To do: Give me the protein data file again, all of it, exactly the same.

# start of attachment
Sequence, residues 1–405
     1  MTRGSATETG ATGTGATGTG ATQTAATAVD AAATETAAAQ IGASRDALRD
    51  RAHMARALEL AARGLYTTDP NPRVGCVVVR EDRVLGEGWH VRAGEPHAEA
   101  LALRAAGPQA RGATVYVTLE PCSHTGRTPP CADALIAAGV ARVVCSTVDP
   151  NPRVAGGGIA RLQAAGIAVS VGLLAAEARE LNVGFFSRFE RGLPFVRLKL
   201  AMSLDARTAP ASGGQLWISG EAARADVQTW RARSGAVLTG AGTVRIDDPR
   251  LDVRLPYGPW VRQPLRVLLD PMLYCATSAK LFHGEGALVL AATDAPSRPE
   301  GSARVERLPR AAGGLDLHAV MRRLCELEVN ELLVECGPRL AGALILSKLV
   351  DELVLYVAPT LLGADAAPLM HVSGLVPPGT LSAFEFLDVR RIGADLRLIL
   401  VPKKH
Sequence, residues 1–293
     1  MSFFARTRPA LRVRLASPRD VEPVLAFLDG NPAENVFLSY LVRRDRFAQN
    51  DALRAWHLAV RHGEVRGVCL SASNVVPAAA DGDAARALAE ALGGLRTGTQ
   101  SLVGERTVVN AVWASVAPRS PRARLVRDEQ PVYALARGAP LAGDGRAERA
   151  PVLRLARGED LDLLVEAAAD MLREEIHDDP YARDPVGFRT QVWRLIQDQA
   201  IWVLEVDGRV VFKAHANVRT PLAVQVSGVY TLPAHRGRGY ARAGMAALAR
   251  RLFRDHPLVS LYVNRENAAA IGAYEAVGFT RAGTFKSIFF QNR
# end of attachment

Sequence, residues 1–405
     1  MTRGSATETG ATGTGATGTG ATQTAATAVD AAATETAAAQ IGASRDALRD
    51  RAHMARALEL AARGLYTTDP NPRVGCVVVR EDRVLGEGWH VRAGEPHAEA
   101  LALRAAGPQA RGATVYVTLE PCSHTGRTPP CADALIAAGV ARVVCSTVDP
   151  NPRVAGGGIA RLQAAGIAVS VGLLAAEARE LNVGFFSRFE RGLPFVRLKL
   201  AMSLDARTAP ASGGQLWISG EAARADVQTW RARSGAVLTG AGTVRIDDPR
   251  LDVRLPYGPW VRQPLRVLLD PMLYCATSAK LFHGEGALVL AATDAPSRPE
   301  GSARVERLPR AAGGLDLHAV MRRLCELEVN ELLVECGPRL AGALILSKLV
   351  DELVLYVAPT LLGADAAPLM HVSGLVPPGT LSAFEFLDVR RIGADLRLIL
   401  VPKKH
Sequence, residues 1–293
     1  MSFFARTRPA LRVRLASPRD VEPVLAFLDG NPAENVFLSY LVRRDRFAQN
    51  DALRAWHLAV RHGEVRGVCL SASNVVPAAA DGDAARALAE ALGGLRTGTQ
   101  SLVGERTVVN AVWASVAPRS PRARLVRDEQ PVYALARGAP LAGDGRAERA
   151  PVLRLARGED LDLLVEAAAD MLREEIHDDP YARDPVGFRT QVWRLIQDQA
   201  IWVLEVDGRV VFKAHANVRT PLAVQVSGVY TLPAHRGRGY ARAGMAALAR
   251  RLFRDHPLVS LYVNRENAAA IGAYEAVGFT RAGTFKSIFF QNR